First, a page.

Premier Doug Ford said that students from JK to grade 12 will be asked to pitch in to repair a school’s broken window, replace a water-damaged wall, or fix a dysfunctional breaker system.
“Friends, we have found a cost-effective way to ensure that our children will receive the best education given our budget restraints,” Ford touted in a recent announcement. “This is a great way our kids can learn a trade or technical profession so long as they bring their own tools, equipment, and maybe a cement mixer or two.”
The Ministry of Education explained that, since requiring students to pitch in on repairs is a part of an interactive vocational curriculum, there is no need to adhere to strict international child labour laws.
“There’s so much an 8-year-old can learn with a nail gun,” added Education Minister Lisa Thompson holding the tool along with roof shingles. “There are so many repairs that are needed and a students are best fitted for the job given their tiny fingers and ability to get into those hard to reach crawl spaces. Plus, we’ll make it fun for kindergartners to remove asbestos all by themselves.”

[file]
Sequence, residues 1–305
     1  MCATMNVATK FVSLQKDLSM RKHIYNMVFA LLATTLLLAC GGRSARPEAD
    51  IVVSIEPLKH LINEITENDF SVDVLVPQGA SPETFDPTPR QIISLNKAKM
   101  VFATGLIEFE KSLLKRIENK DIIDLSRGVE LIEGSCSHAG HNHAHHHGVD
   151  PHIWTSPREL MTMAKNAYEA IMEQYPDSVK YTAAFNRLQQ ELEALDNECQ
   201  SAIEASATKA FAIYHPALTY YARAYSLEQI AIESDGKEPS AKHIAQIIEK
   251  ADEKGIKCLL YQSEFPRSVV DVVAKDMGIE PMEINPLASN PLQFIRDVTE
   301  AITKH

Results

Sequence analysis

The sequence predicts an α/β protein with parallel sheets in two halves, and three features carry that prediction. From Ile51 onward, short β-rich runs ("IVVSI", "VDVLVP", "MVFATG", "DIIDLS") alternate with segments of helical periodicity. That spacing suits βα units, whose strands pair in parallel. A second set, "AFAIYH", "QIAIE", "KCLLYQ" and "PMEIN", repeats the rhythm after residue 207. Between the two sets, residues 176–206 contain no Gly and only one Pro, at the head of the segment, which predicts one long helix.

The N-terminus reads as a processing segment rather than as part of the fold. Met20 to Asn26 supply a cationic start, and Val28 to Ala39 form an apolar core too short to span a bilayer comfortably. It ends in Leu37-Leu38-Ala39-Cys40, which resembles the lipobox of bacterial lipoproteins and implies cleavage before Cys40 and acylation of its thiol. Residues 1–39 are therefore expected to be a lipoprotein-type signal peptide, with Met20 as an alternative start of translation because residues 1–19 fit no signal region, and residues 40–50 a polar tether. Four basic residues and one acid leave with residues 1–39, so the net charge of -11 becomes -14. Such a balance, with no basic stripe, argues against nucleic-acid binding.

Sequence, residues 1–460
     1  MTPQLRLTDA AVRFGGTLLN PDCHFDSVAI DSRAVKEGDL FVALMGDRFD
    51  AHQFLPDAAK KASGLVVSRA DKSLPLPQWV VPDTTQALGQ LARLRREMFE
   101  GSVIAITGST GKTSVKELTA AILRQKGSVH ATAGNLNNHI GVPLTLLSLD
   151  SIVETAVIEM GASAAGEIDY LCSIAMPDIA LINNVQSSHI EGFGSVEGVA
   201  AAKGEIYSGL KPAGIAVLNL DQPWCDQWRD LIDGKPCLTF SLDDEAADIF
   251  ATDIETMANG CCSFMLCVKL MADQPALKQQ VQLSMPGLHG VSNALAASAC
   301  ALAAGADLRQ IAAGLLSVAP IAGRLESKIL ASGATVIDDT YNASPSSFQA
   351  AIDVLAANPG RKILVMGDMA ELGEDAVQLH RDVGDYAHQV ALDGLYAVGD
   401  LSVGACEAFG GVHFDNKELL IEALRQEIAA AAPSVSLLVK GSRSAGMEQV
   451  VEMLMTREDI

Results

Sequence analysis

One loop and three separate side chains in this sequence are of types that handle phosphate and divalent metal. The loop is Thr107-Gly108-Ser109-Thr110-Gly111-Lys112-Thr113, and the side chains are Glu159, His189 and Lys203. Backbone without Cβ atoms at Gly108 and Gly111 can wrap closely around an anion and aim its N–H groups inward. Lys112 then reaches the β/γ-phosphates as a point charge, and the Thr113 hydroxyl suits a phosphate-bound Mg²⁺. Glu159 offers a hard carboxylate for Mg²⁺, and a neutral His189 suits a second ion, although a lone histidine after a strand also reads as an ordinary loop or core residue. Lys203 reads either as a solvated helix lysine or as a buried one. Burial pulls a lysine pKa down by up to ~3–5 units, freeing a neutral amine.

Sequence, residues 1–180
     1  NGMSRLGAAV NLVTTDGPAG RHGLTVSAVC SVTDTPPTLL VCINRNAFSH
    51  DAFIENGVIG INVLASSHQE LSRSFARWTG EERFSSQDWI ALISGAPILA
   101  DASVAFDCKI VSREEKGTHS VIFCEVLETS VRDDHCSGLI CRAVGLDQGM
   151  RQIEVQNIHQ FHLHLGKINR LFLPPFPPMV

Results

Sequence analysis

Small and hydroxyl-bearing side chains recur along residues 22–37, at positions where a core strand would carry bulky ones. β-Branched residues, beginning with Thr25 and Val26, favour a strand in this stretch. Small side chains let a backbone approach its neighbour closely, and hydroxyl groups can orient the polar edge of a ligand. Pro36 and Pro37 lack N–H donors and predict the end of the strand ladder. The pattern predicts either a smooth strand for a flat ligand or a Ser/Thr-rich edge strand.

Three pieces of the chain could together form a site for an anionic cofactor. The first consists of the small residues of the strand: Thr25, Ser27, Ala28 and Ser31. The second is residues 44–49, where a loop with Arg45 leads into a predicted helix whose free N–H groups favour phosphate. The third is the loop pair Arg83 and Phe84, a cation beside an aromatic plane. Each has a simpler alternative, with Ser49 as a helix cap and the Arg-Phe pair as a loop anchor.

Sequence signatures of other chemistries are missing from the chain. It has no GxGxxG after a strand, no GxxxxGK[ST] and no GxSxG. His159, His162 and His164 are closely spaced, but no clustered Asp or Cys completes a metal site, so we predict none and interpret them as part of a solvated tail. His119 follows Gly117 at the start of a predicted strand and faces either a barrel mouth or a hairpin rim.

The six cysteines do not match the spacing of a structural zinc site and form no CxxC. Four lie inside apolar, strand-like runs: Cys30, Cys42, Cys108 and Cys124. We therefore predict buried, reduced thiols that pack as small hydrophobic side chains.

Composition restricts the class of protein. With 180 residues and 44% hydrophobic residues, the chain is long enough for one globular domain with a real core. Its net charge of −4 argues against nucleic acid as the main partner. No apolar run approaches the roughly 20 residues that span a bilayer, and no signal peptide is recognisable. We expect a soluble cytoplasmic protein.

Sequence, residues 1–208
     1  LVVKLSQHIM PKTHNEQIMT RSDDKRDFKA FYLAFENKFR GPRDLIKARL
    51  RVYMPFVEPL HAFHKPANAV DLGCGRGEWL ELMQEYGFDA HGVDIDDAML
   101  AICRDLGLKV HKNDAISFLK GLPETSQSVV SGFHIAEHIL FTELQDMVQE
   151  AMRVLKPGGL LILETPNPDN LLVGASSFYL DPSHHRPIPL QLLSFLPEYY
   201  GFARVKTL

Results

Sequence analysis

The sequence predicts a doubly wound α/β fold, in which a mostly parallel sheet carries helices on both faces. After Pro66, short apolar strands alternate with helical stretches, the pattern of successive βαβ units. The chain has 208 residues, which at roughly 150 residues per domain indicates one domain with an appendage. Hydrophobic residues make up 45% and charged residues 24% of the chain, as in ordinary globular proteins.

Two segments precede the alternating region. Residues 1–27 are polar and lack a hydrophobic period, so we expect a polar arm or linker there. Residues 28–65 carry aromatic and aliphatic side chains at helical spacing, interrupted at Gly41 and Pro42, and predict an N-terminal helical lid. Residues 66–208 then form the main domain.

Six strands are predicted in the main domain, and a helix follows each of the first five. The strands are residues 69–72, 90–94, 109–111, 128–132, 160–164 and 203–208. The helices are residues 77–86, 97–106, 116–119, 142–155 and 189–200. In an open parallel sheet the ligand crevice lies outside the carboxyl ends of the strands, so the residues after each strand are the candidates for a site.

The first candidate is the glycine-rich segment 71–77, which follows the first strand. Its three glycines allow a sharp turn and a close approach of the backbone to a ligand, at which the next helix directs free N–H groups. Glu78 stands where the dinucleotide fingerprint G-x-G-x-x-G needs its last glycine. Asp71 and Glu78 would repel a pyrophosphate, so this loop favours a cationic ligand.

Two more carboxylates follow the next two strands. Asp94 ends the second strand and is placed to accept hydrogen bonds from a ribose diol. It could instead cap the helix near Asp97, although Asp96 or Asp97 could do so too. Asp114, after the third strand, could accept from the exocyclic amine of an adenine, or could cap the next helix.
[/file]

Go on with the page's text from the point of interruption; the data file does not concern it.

Students in grades 3, 6, and 9 will be given standardized physical labour tests including whether they can hammer in a nail to operating heavy equipment which they will be required to pass before graduation. Grade 10s will be required to pass a construction lingo literacy test.
The provincial government hopes this on-the-job-learning will help reduce the $15 billion backlog in needed repairs left by previous governments and to weed out weaker students who can’t handle a jackhammer.
A recent poll on cuts to the Ontario’s education system has shown strong approval among bullies and future high school dropouts who just want to see their teachers get fired.